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Fri Dec 30 19:39:56 AEDT 2011 From /weblog/design

How to format parameter


Some will think boolean is ugly as parameter, I think if there is more than one boolean in parameter list - http://silkandspinach.net/blog/2004/07/hexagonal_soup.html

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Fri Dec 30 19:39:56 AEDT 2011 From /weblog/design/exception

Using stacktrace to know call hierarchy


Sometime it useful to know call hierarchy even if it is not exception case

http://jroller.com/page/henribenoit?entry=where_am_i_called_from

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Fri Dec 30 19:39:56 AEDT 2011 From /weblog/design/exception

Why use exception instead of error code


A detailed explanation

http://gamearchitect.net/Articles/ExceptionsAndErrorCodes.html

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Fri Dec 30 19:39:56 AEDT 2011 From /weblog/design/exception

anti-pattern of exception


Mostly agree, however, why do we need NoSuchMethodException? Why we don't just don't implement that method? If this is required by the interface, why we implement an interface but not complete the contact?

http://today.java.net[..]/06/exception-handling-antipatterns.html http://softarc.blogspot.com[..]06/exception-handling-anti-patterns.html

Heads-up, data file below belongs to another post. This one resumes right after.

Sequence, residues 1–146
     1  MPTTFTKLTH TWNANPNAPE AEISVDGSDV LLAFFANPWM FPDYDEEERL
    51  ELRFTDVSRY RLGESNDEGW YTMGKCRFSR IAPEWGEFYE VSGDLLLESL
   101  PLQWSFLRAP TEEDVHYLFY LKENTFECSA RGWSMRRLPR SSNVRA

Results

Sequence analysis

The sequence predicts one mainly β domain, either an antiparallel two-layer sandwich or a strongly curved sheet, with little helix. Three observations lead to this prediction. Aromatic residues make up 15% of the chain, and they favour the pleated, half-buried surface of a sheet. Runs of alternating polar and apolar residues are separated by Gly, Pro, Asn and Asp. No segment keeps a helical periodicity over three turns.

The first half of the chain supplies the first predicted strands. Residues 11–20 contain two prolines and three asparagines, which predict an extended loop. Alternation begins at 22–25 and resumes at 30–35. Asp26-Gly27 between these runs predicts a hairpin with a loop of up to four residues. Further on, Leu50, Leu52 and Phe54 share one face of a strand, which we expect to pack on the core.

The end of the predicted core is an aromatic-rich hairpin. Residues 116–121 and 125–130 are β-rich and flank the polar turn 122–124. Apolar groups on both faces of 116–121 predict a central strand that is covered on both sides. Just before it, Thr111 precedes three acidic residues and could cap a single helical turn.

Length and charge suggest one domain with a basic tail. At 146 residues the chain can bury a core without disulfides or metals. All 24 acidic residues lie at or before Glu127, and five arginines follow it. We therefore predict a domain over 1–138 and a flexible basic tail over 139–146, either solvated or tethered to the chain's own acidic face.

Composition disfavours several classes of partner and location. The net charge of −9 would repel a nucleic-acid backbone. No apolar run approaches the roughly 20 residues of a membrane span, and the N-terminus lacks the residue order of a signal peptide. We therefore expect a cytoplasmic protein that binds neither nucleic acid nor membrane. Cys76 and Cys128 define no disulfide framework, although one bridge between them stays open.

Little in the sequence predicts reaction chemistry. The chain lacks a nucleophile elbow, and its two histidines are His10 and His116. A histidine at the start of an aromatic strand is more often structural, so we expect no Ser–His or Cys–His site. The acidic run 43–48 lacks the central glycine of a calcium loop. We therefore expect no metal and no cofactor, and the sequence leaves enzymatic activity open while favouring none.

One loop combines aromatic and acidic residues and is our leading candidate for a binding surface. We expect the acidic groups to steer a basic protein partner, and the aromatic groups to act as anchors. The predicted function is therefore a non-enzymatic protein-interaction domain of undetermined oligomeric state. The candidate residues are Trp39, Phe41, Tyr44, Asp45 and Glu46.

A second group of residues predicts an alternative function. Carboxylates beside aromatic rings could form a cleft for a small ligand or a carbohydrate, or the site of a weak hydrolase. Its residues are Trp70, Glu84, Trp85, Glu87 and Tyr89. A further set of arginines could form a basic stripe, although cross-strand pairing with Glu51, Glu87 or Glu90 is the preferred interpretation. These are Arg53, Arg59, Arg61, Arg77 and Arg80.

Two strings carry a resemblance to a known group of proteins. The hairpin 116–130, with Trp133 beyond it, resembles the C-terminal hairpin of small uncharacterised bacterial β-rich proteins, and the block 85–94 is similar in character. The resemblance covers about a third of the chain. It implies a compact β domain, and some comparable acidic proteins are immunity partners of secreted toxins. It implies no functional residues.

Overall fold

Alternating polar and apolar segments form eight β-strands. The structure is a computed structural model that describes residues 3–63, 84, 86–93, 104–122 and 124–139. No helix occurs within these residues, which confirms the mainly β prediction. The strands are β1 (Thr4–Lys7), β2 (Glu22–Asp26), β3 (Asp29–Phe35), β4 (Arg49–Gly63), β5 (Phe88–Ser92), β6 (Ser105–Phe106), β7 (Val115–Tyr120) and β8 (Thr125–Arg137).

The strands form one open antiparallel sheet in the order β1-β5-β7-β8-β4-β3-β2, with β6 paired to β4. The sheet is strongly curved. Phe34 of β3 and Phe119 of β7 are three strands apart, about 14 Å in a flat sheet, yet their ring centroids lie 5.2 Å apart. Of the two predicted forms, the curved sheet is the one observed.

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Fri Dec 30 19:39:56 AEDT 2011 From /weblog/design/exception

check or uncheck


Checked or unchecked? Not sure, seen all exception is unchecked are ok for me

To summarize Java orthodoxy: checked exceptions should be the norm. Runtime exceptions indicateprogramming errors.
I used to subscribe to this view. However, after writing and working with thousands of catch blocks, I've come to the conclusion that this appealing theory doesn't always work in practice. I'm not alone. Since developing my own ideas on the subject, I've noticed that Bruce Eckel, author of the classic book Thinking in Java, has also changed his mind. Eckel now advocates the use of runtime exceptions as the norm, and wonders whether checked exceptions should be dropped from Java as a failed experiment

http://www.mindview.net/Etc/Discussions/CheckedExceptions